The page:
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|Quotations about opinions
Most people are other people. Their thoughts are someone else's opinions, their lives a mimicry, their passions a quotation.
When working on my choreography I am not always receptive to outside suggestions or opinions. I believe that if you have something in mind in the way of a creation, such as a new dance, a sequence, or an effect, you are certain to come up with inaccurate criticism and damaging results if you go around asking for opinions.
We are most likely to get angry and excited in our opposition to some idea when we ourselves are not quite certain of our own position, and are inwardly tempted to take the other side.
The high-minded man must care more for the truth than for what people think.
New opinions are always suspected, and usually opposed, without any other reason but because they are not already common.
The snake which cannot cast its skin has to die. As well the minds which are prevented from changing their opinions; they cease to be mind.
It is easy in the world to live after the world's opinion; it is easy in solitude to live after our own; but the great man is he who in the midst of the crowd keeps with perfect sweetness the independence of solitude.
Do not fear to be eccentric in opinion, for every opinion now accepted was once eccentric.
Meek young men grow up in libraries, believing it their duty to accept the views, which Cicero, which Locke, which Bacon, have given, forgetful that Cicero, Locke, and Bacon were only young men in libraries when they wrote these books.
All power, even the most despotic, rests ultimately on opinion.
It is on opinion only that government is founded; and this maxim extends to the most despotic and most military governments, as well as to the most free and most popular.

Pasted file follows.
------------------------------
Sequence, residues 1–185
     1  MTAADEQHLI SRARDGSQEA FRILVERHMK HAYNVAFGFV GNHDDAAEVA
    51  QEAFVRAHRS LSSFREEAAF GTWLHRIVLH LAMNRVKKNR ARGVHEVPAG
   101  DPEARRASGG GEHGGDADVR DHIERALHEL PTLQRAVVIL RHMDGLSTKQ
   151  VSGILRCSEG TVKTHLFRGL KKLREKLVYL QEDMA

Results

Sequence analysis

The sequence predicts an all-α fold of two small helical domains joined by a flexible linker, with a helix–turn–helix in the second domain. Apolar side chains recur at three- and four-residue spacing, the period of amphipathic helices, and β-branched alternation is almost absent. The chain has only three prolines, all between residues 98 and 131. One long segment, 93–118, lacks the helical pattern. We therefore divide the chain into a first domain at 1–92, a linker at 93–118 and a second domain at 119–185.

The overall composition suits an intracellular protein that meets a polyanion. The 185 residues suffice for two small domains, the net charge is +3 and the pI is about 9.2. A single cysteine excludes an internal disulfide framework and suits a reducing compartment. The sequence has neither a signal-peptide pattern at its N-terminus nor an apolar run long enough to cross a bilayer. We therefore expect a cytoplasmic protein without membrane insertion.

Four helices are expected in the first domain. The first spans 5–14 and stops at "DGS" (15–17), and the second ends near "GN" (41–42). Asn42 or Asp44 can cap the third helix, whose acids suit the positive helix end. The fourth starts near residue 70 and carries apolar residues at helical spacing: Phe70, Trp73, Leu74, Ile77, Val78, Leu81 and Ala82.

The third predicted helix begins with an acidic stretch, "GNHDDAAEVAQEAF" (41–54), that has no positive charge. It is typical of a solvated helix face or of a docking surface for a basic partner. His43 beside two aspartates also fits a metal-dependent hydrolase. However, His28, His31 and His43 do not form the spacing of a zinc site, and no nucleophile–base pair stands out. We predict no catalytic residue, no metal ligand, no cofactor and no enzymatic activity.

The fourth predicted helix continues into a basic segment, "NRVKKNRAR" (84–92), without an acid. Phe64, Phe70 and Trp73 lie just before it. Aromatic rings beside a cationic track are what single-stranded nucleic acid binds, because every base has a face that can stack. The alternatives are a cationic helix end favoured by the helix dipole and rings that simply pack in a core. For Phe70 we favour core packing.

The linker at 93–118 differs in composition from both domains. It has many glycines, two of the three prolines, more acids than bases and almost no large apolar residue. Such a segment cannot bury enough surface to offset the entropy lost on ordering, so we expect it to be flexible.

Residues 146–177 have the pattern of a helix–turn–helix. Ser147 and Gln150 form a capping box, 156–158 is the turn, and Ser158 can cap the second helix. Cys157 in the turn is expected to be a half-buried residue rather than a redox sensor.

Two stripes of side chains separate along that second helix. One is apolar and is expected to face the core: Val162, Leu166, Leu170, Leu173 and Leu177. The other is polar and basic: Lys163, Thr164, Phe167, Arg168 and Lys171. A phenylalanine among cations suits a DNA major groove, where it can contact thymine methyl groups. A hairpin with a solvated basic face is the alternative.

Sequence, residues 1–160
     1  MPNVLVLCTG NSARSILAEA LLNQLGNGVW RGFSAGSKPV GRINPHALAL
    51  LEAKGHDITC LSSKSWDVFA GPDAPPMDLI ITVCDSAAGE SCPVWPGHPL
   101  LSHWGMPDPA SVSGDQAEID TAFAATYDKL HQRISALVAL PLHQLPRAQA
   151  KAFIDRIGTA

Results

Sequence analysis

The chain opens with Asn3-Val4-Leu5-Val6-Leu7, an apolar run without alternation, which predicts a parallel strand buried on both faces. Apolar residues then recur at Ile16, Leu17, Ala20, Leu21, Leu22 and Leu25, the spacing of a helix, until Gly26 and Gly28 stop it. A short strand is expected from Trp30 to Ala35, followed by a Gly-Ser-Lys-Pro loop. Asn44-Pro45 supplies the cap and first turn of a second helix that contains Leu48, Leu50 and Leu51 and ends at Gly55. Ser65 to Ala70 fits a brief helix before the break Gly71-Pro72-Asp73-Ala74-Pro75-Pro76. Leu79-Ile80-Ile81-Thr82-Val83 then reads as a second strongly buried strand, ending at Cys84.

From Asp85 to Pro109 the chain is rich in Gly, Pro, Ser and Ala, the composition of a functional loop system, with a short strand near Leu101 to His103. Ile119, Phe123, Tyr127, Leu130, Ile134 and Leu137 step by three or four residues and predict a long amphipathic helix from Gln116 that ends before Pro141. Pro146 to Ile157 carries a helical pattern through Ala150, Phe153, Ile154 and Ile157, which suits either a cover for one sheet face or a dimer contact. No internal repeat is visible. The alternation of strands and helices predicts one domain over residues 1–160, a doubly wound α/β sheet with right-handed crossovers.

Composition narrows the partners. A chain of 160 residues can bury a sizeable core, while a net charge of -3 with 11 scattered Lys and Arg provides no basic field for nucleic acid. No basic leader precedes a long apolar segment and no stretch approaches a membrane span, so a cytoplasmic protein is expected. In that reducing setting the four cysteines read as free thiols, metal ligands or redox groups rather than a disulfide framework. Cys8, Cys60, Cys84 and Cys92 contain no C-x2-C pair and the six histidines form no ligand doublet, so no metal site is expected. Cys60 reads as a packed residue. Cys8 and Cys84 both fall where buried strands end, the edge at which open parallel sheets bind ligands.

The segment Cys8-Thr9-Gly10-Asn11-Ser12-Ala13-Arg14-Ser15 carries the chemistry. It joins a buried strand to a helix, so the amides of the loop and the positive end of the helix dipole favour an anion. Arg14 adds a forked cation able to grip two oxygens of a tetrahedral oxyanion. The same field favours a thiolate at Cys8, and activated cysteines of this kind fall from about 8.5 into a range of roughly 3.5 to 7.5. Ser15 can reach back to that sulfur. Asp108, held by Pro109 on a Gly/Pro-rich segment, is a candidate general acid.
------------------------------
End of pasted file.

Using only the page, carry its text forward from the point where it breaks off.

Men are tormented by the opinions they have of things, and not the things themselves.
That queen of error, whom we call fancy and opinion, is the more deceitful because she does not always deceive. She would be the infallible rule of truth if she were the infallible rule of falsehood; but being only most frequently in error, she gives no evidence of her real quality, for she marks with the same character both that which is true and that which is false.
No one can persuade another to change. Each of us guards a gate of change that can only be unlocked from the inside. We cannot open the gate of another, either by argument or emotional appeal.
Your time is limited, so don't waste it living someone else's life. Don't be trapped by dogma, which is living with the results of other people's thinking. Don't let the noise of other's opinions drown out your own inner voice. And most important, have the courage to follow your heart and intuition. They somehow already know what you truly want to become. Everything else is secondary.
For the great enemy of truth is very often not the lie -- deliberate, contrived and dishonest -- but the myth -- persistent, persuasive, and unrealistic. Too often we hold fast to the clichés of our forebears. We subject all facts to a prefabricated set of interpretations. We enjoy the comfort of opinion without the discomfort of thought.
There is nothing more dangerous than the common axiom 'the spirit of the laws is to be considered'. To adopt it is to give way to the torrent of opinions. This may seem a paradox to vulgar minds, which are more strongly affected by the smallest disorder before their eyes, than by the most pernicious though remote consequences produced by one false principle adopted by a nation.
There is much to be said in favour of modern journalism. By giving us the opinions of the uneducated it keeps us in touch with the ignorance of the community. By carefully chronicling the current events of contemporary life it shows us of what very little importance such events really are. By invariably discussing the unnecessary it makes us understand what things are requisite for culture, and what are not.
False facts are highly injurious to the progress of science, for they often long endure; but false views, if supported by some evidence, do little harm, as everyone takes a salutary pleasure in proving their falseness; and when this is done, one path towards error is closed and the road to truth is often at the same time opened.
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